Featuring tender ballads and classic swing, the jazz pianist’s trio set was an impeccable performance full of beauty and joy.
By Michael J. West | Contributing reporter Washington Post
He didn’t mean to, but Monty Alexander put this critic in the hot seat on Thursday night.
“In 1972, I was 27,” he explained from the bandstand at Georgetown’s Blues Alley. “I was playing the piano here in 1972.” As evidence, he pulled out a foam board blowup of a 1972 review from this newspaper.
“By golly, we’re gonna put it in the window,” he said. “So on your way out, if you want to have a look at this review thing, it’ll be there.”
Thus giving me a tough act to follow. The good news is that Alexander’s trio set was a triumph, an impeccable performance full of beauty and joy.
Opening with a rippling take on the hymn “Abide With Me,” the pianist and his trio (bassist Luke Sellick and drummer Jason Brown) slid easily from there to his original “E Pluribus Unum.” The tune shifted back and forth between a simple, funky theme and swinging improv sections. Soon after came a jaunty bossa nova highlighted by a smart solo from Sellick. A creeping, crawling “Night Mist Blues” gave way to the calypso “Love Notes.” “I don’t know much music, chords, arpeggios, all those things,” Alexander had remarked at the top of the set — he knows rhythm, though, and paid careful attention to its details.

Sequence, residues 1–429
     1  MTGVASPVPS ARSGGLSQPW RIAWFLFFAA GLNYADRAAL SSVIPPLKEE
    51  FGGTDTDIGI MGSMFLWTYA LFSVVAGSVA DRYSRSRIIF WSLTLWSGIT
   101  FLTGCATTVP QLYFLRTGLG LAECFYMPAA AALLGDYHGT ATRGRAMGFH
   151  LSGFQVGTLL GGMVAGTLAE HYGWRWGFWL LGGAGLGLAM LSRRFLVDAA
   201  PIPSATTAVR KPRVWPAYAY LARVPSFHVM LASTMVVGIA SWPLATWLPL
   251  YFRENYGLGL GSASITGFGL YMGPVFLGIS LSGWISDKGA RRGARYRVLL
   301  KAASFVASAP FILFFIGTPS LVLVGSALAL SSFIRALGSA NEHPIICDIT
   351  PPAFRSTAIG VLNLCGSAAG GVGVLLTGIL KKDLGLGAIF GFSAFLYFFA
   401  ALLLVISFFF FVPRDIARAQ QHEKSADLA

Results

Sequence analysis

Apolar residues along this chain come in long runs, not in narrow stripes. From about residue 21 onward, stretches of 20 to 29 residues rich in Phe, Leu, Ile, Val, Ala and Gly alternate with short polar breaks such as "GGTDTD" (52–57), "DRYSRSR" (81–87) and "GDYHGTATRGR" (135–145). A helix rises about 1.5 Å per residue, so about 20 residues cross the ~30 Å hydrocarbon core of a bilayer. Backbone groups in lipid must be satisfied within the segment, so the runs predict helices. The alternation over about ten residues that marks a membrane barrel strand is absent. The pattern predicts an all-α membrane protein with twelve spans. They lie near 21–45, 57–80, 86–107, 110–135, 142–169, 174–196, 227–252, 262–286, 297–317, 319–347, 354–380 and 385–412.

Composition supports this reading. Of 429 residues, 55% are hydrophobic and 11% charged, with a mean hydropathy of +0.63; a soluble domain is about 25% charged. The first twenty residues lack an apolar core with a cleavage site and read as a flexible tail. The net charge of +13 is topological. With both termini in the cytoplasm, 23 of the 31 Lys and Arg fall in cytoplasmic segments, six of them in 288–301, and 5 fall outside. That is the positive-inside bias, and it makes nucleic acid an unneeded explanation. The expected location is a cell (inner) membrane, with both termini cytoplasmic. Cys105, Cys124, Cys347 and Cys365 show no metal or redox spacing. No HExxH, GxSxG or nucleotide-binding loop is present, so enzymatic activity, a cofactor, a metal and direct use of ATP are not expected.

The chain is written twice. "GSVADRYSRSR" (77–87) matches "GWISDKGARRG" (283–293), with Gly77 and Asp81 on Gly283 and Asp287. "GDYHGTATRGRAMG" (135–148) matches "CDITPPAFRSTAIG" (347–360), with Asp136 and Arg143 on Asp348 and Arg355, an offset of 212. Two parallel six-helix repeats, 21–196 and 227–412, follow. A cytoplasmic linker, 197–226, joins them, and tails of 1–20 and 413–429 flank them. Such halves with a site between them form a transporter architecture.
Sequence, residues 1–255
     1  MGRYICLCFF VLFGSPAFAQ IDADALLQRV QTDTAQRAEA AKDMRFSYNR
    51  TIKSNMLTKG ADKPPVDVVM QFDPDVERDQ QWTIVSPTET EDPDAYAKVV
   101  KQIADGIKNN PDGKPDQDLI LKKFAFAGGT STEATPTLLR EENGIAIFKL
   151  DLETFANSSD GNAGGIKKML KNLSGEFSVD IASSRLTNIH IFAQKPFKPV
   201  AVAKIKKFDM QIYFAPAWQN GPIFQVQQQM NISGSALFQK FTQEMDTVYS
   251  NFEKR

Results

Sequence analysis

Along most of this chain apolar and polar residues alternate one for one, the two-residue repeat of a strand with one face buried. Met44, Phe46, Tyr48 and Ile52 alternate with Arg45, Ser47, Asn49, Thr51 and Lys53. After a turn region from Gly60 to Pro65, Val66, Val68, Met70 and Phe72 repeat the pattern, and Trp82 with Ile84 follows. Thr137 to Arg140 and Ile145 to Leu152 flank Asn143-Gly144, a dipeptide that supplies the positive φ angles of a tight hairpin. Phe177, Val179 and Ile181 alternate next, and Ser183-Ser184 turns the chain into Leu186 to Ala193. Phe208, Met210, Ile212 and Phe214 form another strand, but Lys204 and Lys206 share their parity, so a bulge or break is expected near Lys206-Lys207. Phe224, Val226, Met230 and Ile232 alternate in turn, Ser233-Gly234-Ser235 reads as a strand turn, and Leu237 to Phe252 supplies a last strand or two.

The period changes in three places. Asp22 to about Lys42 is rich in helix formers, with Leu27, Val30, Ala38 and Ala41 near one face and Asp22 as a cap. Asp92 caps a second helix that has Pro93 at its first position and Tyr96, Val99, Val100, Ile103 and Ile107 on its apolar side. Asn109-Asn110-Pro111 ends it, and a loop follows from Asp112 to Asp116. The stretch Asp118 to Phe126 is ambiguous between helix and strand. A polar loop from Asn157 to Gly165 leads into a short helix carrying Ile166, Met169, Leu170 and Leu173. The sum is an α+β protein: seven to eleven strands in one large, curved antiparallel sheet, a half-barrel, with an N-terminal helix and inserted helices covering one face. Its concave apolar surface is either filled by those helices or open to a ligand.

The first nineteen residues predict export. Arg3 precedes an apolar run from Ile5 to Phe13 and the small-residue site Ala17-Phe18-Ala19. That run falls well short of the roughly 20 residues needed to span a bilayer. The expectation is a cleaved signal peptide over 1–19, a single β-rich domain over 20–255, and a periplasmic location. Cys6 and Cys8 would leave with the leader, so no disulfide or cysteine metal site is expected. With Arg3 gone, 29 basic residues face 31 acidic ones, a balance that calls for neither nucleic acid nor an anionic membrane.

Still, most of the set was determined, classic swing. Alexander’s “You Can See” was completely in the pocket, featuring one of the pianist’s best marathon solos as well as a textured, melodic one by Brown. The band also charged through Miles Davis’s “Milestones” with high octane, throwing in some ragtime licks for good measure, and put a streamlined tread under the simultaneously somber and blissful “Renewal.” Two tender ballads, Michel Legrand’s gorgeous “Summer of ‘42” and the standard “Where Is Love,” punctuated the swing tunes.
The pianist also took the opportunity to polish his raconteur chops. In addition to an opening monologue about his life in music, he told another story about his ’72 stand at the club: One in which Frank Sinatra came to hear him. “He was huge. He was Jay-Z at that time,” Alexander joked. “And I know that he’s listening intently to me, but there’s these two people in the corner yap-yap-yapping. And from Frank’s table, all I hear is ‘shut up!’”
In this packed house, Sinatra or no Sinatra, no one dared chat through the set. Their attention was richly rewarded.
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